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Our simple calculator will help you find out how many days of annual leave you are entitled to, for every day worked. Simply fill in the fields to get your result.
How many business days per week does your company operate?
What is your annual leave allowance in days?
How many days a week do you work?
Have you already taken some of your annual leave allowance?
Calculating annual leave for your workforce often raises doubts; this is especially true when regulations change or when unusual circumstances arise. For example:
Is an employee entitled to annual leave after being on sick leave?
How many days off is a part-time worker entitled to?
Can a company unilaterally change the holiday schedule?
We answer these, and many other questions below, to make the task ofcalculating annual leavefor your team faster and easier.
The Working Time Regulations governs the regulations for annual leave, together with the collective agreement for each sector, and every employee’s work contract. These texts establish the limits and conditions of any professional relationship.
ANNUAL LEAVE UK EMPLOYMENT LAW HIGHLIGHTS
Holidays are both a right and an obligation for employees. In other words, they must be taken, no matter what.
Every direct employee has the right to a minimum of 28 working days of paid holiday per year, although the collective agreement or the company can increase this number (but never reduce it).
Annual leave cannot be exchanged for cash.
Holidays are not cumulative, and cannot be carried over to the following year.
Annual leave must be agreed in advance between the company and the employee.
Employees cannot be penalised and given less than the minimum annual leave.
Employees must take at least two weeks of uninterrupted annual leave.
They are entitled to receive 100% pay during periods of annual leave.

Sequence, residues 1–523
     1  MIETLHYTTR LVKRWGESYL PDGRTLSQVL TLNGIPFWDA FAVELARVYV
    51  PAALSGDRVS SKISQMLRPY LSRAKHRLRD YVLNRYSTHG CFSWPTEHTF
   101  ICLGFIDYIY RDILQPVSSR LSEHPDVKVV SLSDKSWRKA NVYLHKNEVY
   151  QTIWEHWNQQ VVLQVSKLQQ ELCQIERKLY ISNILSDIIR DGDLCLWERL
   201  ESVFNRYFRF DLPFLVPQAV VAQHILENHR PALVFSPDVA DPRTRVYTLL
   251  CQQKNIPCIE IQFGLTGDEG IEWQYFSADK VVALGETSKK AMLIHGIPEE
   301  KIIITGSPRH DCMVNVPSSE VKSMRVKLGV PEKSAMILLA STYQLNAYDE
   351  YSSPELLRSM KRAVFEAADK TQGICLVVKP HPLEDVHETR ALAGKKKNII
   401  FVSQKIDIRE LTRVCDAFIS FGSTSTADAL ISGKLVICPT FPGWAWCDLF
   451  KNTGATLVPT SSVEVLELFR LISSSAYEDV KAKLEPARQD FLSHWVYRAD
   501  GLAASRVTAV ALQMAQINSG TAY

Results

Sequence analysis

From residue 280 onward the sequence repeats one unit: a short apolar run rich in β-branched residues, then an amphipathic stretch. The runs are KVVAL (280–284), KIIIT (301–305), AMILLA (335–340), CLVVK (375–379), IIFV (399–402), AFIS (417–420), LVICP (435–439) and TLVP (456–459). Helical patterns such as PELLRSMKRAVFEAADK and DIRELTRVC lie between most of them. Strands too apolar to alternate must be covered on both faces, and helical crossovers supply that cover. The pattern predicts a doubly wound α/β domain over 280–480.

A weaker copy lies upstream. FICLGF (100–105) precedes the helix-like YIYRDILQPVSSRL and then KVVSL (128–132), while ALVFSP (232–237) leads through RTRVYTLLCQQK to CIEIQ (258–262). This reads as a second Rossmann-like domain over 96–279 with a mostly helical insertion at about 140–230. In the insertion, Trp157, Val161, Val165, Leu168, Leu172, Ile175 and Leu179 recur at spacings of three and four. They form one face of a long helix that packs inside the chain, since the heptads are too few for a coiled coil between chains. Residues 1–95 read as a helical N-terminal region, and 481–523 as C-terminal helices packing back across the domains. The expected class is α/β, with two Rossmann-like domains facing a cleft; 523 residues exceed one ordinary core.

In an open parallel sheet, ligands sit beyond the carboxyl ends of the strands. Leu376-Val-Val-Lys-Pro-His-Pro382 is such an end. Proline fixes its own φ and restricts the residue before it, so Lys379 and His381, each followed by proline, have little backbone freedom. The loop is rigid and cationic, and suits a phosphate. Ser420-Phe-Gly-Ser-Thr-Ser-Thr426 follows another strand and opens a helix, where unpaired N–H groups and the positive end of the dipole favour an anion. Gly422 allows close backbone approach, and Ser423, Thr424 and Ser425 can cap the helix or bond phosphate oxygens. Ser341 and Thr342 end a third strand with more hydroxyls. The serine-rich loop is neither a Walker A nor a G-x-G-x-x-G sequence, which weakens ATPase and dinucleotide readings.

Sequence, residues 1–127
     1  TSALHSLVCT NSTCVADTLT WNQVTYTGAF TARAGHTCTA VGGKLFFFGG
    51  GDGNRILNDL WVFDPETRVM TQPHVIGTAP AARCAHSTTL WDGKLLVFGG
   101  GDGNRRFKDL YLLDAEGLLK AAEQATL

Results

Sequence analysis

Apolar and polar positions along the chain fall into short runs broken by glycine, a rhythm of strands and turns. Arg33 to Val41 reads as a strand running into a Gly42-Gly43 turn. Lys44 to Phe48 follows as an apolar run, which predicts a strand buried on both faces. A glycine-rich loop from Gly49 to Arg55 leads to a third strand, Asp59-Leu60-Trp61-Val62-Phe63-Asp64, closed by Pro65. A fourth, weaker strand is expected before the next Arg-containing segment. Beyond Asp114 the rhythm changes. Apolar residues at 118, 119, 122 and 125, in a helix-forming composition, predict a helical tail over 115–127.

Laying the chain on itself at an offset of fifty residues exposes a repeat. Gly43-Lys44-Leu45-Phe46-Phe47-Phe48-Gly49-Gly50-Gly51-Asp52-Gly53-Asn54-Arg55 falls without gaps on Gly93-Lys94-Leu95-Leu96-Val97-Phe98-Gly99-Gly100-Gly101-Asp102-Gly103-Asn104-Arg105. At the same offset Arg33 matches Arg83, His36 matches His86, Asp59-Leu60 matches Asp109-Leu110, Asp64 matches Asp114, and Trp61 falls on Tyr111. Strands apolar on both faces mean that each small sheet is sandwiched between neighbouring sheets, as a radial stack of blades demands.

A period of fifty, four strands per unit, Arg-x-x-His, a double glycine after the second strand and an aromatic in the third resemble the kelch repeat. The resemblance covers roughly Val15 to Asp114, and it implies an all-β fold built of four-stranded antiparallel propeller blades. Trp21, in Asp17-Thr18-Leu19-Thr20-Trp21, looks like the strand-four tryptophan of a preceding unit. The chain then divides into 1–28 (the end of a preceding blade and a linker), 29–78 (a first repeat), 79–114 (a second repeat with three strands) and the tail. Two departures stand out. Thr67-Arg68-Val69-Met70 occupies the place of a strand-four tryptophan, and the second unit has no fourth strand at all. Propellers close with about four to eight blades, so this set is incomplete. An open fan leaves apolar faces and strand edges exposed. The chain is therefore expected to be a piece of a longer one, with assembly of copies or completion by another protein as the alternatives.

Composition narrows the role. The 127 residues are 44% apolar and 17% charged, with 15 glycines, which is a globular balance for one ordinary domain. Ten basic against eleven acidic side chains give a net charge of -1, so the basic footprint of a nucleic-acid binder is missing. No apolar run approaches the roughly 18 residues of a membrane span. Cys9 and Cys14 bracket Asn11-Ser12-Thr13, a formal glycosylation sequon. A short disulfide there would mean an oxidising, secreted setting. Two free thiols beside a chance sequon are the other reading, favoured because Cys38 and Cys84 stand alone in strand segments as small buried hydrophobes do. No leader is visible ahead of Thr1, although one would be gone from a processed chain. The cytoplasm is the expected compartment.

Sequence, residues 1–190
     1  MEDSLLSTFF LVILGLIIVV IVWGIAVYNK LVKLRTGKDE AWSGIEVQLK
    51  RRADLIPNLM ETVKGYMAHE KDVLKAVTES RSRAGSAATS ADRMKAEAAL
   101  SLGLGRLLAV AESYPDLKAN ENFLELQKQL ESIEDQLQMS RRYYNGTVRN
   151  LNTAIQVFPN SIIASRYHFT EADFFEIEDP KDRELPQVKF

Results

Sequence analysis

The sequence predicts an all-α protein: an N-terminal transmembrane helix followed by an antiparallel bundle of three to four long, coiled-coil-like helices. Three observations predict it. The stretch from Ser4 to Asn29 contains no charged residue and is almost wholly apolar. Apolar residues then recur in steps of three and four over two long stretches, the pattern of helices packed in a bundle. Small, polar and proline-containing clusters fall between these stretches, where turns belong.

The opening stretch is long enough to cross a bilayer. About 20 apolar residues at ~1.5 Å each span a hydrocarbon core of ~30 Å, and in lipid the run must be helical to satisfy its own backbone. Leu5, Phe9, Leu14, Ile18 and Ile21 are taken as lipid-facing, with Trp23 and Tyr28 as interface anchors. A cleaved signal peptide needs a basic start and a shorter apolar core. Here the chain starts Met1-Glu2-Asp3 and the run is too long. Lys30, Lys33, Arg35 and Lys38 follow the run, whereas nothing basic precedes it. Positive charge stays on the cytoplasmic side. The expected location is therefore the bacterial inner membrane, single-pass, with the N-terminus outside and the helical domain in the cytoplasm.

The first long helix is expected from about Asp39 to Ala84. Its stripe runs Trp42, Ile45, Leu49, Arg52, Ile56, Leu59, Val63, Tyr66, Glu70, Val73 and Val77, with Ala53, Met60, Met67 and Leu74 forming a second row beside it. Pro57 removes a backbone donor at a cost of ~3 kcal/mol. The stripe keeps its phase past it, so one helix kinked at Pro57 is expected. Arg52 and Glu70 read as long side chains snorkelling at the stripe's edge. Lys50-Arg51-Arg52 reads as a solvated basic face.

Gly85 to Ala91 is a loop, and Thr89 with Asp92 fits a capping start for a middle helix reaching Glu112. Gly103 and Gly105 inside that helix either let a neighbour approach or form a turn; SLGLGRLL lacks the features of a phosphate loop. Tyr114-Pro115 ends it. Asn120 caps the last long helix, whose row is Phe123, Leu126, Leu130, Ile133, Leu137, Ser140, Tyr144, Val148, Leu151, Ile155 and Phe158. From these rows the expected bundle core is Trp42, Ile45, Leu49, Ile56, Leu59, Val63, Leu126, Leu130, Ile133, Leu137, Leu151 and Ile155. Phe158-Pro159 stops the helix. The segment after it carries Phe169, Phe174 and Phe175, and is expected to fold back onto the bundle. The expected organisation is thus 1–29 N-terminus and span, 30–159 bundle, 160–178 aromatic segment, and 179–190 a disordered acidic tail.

This blog article, written by Landau Law - specialist employment law solicitors - summarises the most important points relating to annual leave regulations in the UK.
A collective agreement, on the other hand, looks into detailed aspects that are not covered by the Working Time Regulations, such as, for example, the days an employee can take in the event of a serious illness in the family, among others. It is an agreement between the employer (or employer’s association) and the trade union. This agreement is only legally binding where it is expressly incorporated into the employee’s contract, in as far as elements that are suitable for incorporation, that are related to pay, hours, disciplinary procedures and sick pay. Essentially, the conditions in the employee’s contract will prevail and these should be read carefully at the start of any working relationship.
All employees in the UK are entitled to the statutory 28 working days’ annual leave, although there are other circumstances where the employer must allow an employee time off. The Working Time Regulations include circumstances such as jury service, emergency situations relating to family dependants or time off for public duty (although employers are not obliged to pay the employee for the latter, if they choose not to). Employees also have the right to paid leave are maternity or paternity leave, for example.
Ultimately, annual leave is obligatory and fundamental for employees. Holidays enable them to rest and return to the activity with more energy. In fact, this article explains how employee performance improves after taking annual leave. The results are beneficial for both sides.
Learning resources on the legalities of absence from work
Do you have specific queries about workforce holidays and absences? Go directly to the source to find the answers. We’ve gathered links to some official and reputable websites where you can find the information: